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Study Links Aspirin to Colon
Cancer Survival Researchers say that some patients who used aspirin were more
likely to live longer than those who did not.
People since ancient times
have used aspirin-like medicines to fight pain and reduce high body
Modern research has found other uses for aspirin. The drug acts as a blood
thinner. It can help blood flow past a blockage in an artery. Blockages can
cause heart attacks or strokes. As a result, patients at risk of blockages
might be advised by their doctors to take a low-strength aspirin every day.
And research continues. A new study has shown that aspirin can improve survival
in colon cancer patients.
It involved about one thousand three hundred patients with colorectal cancer.
The cancer had not spread to other parts of the body yet. The study compared
patients who took three hundred twenty-five milligrams of aspirin at least two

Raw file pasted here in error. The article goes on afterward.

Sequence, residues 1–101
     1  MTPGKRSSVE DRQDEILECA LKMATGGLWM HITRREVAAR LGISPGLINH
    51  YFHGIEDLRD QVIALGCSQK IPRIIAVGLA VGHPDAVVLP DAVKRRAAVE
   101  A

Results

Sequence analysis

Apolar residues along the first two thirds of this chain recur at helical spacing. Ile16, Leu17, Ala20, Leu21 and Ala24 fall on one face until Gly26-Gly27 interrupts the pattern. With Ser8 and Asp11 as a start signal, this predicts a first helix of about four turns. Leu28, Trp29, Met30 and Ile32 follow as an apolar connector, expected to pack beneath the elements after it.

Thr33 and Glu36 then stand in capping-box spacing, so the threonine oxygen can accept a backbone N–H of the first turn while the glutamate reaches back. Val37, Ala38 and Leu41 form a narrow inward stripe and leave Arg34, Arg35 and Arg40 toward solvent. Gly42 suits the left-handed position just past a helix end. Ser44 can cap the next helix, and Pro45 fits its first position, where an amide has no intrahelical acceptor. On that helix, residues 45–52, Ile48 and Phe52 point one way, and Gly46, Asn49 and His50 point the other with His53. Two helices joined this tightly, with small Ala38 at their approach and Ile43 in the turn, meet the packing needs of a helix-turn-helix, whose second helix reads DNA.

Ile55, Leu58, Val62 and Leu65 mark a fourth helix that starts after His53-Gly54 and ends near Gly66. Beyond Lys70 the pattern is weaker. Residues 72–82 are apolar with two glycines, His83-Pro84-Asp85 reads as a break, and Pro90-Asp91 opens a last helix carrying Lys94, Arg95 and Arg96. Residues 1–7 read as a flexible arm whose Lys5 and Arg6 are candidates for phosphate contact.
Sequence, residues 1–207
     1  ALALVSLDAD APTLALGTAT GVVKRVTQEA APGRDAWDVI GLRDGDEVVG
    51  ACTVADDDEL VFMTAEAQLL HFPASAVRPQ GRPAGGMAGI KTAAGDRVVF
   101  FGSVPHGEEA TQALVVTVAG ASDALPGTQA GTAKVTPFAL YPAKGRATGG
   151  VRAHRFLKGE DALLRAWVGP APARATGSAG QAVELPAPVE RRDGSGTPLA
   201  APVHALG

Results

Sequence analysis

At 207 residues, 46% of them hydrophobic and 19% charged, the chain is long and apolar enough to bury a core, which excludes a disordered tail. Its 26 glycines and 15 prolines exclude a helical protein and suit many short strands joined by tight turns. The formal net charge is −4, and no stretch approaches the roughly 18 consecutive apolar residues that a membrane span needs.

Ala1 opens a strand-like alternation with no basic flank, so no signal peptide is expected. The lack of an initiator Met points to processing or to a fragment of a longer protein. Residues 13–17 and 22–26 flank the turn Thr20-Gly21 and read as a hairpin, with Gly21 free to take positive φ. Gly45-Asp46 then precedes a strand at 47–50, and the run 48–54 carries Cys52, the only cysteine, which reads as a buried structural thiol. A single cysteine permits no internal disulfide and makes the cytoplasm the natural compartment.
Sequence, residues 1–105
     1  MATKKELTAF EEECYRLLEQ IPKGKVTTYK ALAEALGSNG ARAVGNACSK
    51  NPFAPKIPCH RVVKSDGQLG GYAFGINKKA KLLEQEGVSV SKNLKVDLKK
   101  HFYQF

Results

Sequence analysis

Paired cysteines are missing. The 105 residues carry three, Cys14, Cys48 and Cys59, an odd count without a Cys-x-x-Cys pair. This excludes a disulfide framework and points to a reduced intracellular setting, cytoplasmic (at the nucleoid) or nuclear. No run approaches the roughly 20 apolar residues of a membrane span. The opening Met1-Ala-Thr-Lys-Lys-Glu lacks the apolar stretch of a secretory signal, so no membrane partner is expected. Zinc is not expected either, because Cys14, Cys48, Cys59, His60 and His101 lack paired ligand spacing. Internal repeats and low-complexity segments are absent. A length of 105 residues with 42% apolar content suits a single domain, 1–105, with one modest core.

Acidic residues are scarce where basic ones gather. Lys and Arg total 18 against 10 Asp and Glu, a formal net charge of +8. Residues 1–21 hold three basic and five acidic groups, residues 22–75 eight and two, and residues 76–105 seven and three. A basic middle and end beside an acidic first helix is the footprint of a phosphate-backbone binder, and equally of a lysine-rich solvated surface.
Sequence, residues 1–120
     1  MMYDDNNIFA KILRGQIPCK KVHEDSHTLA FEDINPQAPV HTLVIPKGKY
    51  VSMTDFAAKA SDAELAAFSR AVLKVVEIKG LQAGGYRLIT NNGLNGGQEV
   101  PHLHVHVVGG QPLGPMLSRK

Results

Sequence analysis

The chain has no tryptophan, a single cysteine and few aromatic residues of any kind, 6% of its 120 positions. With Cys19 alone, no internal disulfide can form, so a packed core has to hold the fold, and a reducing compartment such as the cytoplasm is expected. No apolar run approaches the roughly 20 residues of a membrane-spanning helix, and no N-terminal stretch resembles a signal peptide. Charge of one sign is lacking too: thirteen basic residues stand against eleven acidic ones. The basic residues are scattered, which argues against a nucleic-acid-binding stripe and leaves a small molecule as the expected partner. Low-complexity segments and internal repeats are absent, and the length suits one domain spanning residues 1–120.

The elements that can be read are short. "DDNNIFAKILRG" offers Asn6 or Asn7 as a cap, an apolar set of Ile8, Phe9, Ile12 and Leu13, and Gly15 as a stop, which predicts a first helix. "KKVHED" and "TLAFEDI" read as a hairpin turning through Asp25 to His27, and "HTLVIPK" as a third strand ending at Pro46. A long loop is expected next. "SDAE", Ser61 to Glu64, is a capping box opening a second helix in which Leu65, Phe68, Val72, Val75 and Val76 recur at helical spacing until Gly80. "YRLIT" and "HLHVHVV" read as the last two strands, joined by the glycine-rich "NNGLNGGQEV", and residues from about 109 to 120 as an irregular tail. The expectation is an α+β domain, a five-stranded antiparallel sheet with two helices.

times a week with those who did not use aspirin.
The study found that the aspirin users had an almost thirty percent lower risk
of dying from their cancer. That was during an average of eleven years after
the cancer was discovered.
The study appeared last week in the Journal of the American Medical Association.
It was an observational study.
Last year, Doctor Chan reported that a long-term study of almost fifty thousand
men showed that aspirin can help prevent colon cancer. But the effects required
at least six years of regular use. And the greatest risk reductions were in
those who took more than fourteen aspirins per week.
But the researchers warned that the dangers from such large amounts of aspirin
should be carefully considered.
Aspirin can cause bleeding in the stomach, the intestines and the brain. People
who might want to consider taking aspirin as a preventative measure should
first talk to a doctor.